However, if the situation is one where you have little bargaining power, confronting is not going to be your best option. Say, if you are a working level employee in a large corporation, such as MNCs, corporate banks and government institutions. Or you are a front-line service personnel, such as hotel staff, restaurants, cafes, customer service representatives. Or an executive in an agency managing client accounts, such as Advertising firms, PR firms, design houses). Likelihood is, it’s not in your place to confront anyone. Not only would you not solve anything, it’ll put you in a poor light. The rude person, being in a higher position, is unlikely to change his/her approach because there is simply no reason to. He/she will perpetuate the behavior (and might even worsen it) as he/she sees you as a weak link.
4) Don’t expect the rude behavior to change
Some people just like to behave in that manner. Maybe they don’t realize how rude and unpleasant their behavior is—it’s their blind spot. Maybe they are aware but they just like to boss others around. Maybe they just enjoy being *ssholes.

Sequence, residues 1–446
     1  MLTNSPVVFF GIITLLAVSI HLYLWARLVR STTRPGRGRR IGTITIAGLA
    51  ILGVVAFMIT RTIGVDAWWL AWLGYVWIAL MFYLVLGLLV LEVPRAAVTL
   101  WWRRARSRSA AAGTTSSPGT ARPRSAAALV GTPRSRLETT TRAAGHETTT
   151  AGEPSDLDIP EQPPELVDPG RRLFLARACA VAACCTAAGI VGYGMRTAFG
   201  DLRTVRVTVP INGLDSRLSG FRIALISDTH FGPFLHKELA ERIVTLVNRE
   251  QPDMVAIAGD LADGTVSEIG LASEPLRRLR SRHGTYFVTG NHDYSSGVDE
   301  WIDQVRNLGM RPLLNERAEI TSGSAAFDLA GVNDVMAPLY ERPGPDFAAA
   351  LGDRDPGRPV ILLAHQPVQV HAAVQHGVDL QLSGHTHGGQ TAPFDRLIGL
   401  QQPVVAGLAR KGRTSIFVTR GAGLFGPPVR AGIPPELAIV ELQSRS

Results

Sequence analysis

Realize you can’t change others. If you keep hoping that the rude person in question will have a sudden change of heart, you will be disappointed half the time. You can change your actions which may change his/her behavior, but don’t change yourself expecting him/her to change.
For example, in the first few times I interfaced with Tiff, I thought if I was nicer or acted in a different way, she would stop being so rude. However, no matter how I treated her, she would run me over like a lawn mower each time. I would emerge from each conversation feeling really ticked.
When I reflected on the situation, I realized it was because I had altered my behavior when interfacing with her, expecting that she would be nice to me in return. I was also attached to that expectation. Hence, when she continued to treat me poorly, I would feel that it was my fault.
Needless to say, this thinking was not healthy.
While I’m not saying you shouldn’t try different tacts with the rude person, I’m saying that you should not do so expecting to receive a different treatment from him/her. This will make it easier for you to manage the situation. Imagine that this rude person is never going to change his/her behavior, ever. How are you going to handle him/her? What are you going to do about his/her rudeness?
Continue on to Part 2: How To Deal With Rude People – Tips #5 – #10.
Image: Finger tips